Tatjana Beylotte comes to Charleston Jazz with 18 years of experience in fundraising for arts organizations. Most recently, she managed the fundraising activities for the Halsey Institute of Contemporary Art at the College of Charleston as Deputy Director. Prior to her role at the Halsey Institute of Contemporary Art, Tatjana was Executive Director of 1708 Gallery, a non-profit space for contemporary art. She also worked as the Arts Education Grants Coordinator for the Virginia Commission for the Arts, and Director of Development for International Arts and Artists in Washington, DC. Tatjana holds a Master’s degree in Museum Studies from George Washington University and a Bachelor’s degree in Arts Management from the College of Charleston. Learn More
Director of Performances
Brent has been the Director of Performances for Charleston Jazz since November of 2015. Raised in Virginia, Brent arrived in Charleston by way of Brussels, Belgium, where he was an Entertainment Operations Director for the United States Air Force Band program. In this role, Brent led the Operations for the SHAPE International Band as it toured 26 countries throughout Europe. His past experience also includes working as a stage manager and audio engineer for Busch Gardens Williamsburg and Disney on Ice. In addition to his management skills, Brent is a professional saxophonist who has performed with the NATO Jazz Orchestra and Rhythm in Blue jazz ensemble that performed for over 100,000 people annually. During his work with the Air Force, Brent performed with Arturo Sandoval, Kurt Elling, New York Voices, and ‘Toots’ Thielemans.
Charleston Jazz Academy Coordinator
Janthina “Jan” Moorer is a native of New York, but spent most of her childhood in Summerville, South Carolina. After high school, Janthina moved to San Francisco, California and studied Photography earning a BFA at the Academy of Art University. She also earned her MBA from Colorado Technical University. Past experience includes working at a Portrait Studio and an Art Gallery, before coming to the Leonard School of Music in 2010, which merged with Charleston Jazz in 2017. In her free time, she enjoys listening to her favorite artist, Michael Jackson, and spending time with her husband, Shaun, and their two children, De and Kennedy.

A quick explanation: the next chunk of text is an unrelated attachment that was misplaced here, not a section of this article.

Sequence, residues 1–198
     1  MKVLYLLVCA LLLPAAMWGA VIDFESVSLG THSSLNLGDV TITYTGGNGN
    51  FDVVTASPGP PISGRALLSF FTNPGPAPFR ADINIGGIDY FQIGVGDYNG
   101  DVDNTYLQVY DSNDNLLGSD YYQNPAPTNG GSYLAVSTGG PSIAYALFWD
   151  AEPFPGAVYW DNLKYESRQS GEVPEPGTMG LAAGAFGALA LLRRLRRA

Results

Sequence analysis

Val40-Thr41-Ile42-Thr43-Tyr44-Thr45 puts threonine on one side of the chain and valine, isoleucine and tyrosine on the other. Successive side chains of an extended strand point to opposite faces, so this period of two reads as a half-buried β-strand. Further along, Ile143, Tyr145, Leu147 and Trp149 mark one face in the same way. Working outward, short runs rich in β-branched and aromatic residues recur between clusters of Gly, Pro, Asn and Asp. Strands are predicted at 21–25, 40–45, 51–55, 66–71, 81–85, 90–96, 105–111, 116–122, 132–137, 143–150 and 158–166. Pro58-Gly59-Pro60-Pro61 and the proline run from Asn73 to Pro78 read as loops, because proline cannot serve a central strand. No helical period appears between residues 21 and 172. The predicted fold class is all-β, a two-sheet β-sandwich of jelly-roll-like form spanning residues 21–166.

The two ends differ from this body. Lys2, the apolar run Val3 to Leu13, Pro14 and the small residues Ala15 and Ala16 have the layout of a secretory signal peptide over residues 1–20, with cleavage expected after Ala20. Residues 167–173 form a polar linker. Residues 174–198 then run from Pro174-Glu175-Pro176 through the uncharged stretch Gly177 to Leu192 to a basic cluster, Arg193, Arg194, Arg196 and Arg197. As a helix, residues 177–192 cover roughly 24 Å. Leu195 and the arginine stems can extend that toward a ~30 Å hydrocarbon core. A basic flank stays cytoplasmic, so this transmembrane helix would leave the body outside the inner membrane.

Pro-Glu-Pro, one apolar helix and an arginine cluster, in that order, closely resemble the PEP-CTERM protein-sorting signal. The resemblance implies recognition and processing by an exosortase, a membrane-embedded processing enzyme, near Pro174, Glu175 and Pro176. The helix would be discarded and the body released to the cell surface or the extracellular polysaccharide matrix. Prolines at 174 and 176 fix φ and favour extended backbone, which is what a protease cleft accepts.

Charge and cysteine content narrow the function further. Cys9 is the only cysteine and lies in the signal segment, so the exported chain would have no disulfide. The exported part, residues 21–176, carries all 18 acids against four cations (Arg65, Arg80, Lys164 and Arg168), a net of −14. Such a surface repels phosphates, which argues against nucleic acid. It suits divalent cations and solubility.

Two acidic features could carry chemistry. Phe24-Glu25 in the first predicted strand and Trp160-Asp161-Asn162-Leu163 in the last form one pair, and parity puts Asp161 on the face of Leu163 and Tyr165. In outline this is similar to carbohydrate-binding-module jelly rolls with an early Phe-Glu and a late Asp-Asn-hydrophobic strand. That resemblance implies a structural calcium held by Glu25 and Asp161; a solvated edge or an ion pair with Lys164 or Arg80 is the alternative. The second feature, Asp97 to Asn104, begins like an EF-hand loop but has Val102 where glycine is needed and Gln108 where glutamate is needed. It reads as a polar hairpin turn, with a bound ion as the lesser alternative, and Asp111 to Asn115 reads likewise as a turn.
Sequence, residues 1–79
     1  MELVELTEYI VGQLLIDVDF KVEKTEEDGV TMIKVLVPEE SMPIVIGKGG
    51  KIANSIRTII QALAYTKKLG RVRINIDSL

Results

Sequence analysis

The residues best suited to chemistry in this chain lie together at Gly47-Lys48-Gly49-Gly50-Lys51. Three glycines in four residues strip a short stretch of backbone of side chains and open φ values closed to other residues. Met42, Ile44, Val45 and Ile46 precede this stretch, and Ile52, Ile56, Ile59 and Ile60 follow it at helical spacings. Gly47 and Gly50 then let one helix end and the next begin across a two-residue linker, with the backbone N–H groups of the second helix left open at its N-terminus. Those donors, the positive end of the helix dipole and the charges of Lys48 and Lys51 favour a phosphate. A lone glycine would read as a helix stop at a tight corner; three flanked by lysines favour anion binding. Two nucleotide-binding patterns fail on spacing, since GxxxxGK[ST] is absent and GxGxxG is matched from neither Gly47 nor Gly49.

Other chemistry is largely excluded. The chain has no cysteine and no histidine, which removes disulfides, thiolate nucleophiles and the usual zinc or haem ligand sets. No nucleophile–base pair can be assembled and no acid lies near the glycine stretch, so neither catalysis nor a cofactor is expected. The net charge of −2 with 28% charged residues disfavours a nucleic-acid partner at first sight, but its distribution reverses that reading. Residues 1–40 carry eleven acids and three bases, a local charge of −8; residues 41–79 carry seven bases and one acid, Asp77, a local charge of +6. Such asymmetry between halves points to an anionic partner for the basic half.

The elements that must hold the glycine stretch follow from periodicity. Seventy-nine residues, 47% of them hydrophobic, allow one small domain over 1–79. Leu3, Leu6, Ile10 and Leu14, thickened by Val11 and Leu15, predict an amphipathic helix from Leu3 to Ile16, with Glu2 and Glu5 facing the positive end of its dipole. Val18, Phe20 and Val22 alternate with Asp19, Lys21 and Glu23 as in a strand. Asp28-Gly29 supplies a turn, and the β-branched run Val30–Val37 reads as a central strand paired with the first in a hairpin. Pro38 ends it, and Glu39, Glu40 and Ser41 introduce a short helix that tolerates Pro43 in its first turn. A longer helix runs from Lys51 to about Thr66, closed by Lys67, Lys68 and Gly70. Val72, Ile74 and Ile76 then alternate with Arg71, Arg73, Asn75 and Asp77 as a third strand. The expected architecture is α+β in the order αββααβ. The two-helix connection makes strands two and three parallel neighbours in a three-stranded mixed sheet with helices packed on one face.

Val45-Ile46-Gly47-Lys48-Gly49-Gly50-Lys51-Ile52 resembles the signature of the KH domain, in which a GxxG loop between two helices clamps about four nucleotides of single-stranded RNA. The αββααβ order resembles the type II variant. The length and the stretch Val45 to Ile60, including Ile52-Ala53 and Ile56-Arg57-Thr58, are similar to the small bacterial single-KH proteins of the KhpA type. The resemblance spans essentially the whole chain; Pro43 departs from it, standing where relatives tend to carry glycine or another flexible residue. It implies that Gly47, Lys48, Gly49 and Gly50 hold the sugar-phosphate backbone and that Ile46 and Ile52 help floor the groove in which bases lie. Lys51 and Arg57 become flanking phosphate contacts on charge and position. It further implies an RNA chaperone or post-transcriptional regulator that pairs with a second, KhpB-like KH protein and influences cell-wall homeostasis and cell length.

Marketing and Development Manager
Board of Directors
ALVA ANDERSON, Board President; Retired Music Teacher and Performer, Vocals/Viola
RONALD D. MCCRAY, Vice President; Chairman, Career Education Corporation
MATT D. PARDIECK, Treasurer; First Vice President, Wealth Management Raymond James
CLAY GRAYSON, Secretary; Attorney, Grayson Law Firm
CRAIG ASCUE, Owner, Ascue’s Paint and Body Shop
J. ANTON COLLINS, Attorney, Tax Law Offices
DEMETRIUS DOCTOR, Pianist
MADELEINE FRUME, Executive Business Development
DONALD R. JOHNSON, II, M.D., President and CEO, Southeastern Spine Institute
JILL JONES, Strategy Consultant
BASIL KERR, former Director of Instrumental Music at the Charleston School of the Arts
BILL McSWEENEY, Musician
ED MEYER, Retired Insurance Executive
JON OLSON, Senior Vice President and General Counsel, Blackbaud
STEVE SIMON, CEO, Simon Auction Services
DEAN SMITH, Managing Director, Stonehenge Financial Partners
HILTON C. SMITH, Jr, President/CEO, East Bay Company, Ltd.
HARRY STALEY, Advisory Business Consultant
VICTOR WEINSTEIN, MD, Chairman, OB/GYN Department, Roper St. Francis Hospital
RON WILTROUT, Percussionist and Founder of the New Music Collective
SCOTT WATSON, Director, City of Charleston Office of Cultural Affairs